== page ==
With startling unanimity, they agreed that without some combination of big tax increases and major cuts in Medicare, Social Security and most other spending, the country will fall victim to the huge debt and soaring interest rates that collapsed Argentina's economy and caused riots in its streets a few years ago.

"The only thing the United States is able to do a little after 2040 is pay interest on massive and growing federal debt," Walker said. "The model blows up in the mid-2040s. What does that mean? Argentina."

Got that? The only thing. Right out of the starting gate, the liberal concurs:

"All true," Sawhill, a budget official in the Clinton administration, concurred.

And the conservative agrees:

"To do nothing," Butler added, "would lead to deficits of the scale we've never seen in this country or any major in industrialized country. We've seen them in Argentina. That's a chilling thought, but it would mean that."

Each of the three had a separate slide show, but the numbers and forecasts were interchangeable.

Walker put U.S. debt and obligations at $45 trillion in current dollars -- almost as much as the total net worth of all Americans, or $150,000 per person. Balancing the budget in 2040, he said, could require cutting total federal spending as much as 60 percent or raising taxes to 2 1/2 times today's levels.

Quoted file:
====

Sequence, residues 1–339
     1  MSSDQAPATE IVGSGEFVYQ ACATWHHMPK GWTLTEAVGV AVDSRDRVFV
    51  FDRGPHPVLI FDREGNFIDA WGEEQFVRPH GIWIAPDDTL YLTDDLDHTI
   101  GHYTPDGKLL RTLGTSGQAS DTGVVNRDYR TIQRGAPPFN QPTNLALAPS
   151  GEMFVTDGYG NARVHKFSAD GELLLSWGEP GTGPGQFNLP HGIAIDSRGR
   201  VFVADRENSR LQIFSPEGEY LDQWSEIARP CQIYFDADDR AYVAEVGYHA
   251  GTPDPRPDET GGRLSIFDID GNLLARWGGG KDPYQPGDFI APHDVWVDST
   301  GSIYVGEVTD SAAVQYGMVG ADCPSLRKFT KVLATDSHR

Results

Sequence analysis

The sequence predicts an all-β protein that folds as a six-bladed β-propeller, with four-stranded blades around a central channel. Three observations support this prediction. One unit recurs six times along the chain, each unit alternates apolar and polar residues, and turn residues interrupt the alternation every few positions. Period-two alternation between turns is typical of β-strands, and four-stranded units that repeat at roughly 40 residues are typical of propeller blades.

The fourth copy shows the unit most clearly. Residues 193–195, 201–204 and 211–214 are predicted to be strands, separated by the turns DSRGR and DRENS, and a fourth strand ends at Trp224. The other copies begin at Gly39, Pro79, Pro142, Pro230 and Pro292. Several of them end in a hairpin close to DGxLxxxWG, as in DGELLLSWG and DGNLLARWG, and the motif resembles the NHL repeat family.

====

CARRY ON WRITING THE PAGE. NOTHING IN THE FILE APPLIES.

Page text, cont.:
Butler (the conservative) pointed out that without changes to Social Security and Medicare, in 25 years either a quarter of discretionary spending would need to be cut or U.S. tax rates would have to approach European levels. Putting it slightly differently, Sawhill (the liberal) posed a choice of 10 percent cuts in spending and much larger cuts in Social Security and Medicare, or a 40 percent increase in government spending relative to the size of the economy, and equivalent tax increases.

The unity of the bespectacled presenters was impressive -- and it made their conclusion all the more depressing. As Ron Haskins, a former Bush White House official and current Brookings scholar, said when introducing the thinkers: "If Heritage and Brookings agree on something, there must be something to it."

Courtesy of the Washington Post. Read it all here. Or click on the link at the head of this post.

Wednesday, June 22, 2005

Marginal Revolution: Do we have too much choice?

Marginal Revolution: Do we have too much choice?: "Will customers trust businesses to select for them? If too much choice alienates you, won't the store put the high-margin items on the front table right before your eyes? Maybe so, but competition across firms should limit such mark-ups. And if the mark-up gets too high, people will cope. Schwarz himself notes: A small-town resident who visits Manhattan is overwhelmed by all that is going on. A New Yorker, thoroughly adapted to the city�s hyperstimulation, is oblivious to it."

Jenny D.: Education Carnival #20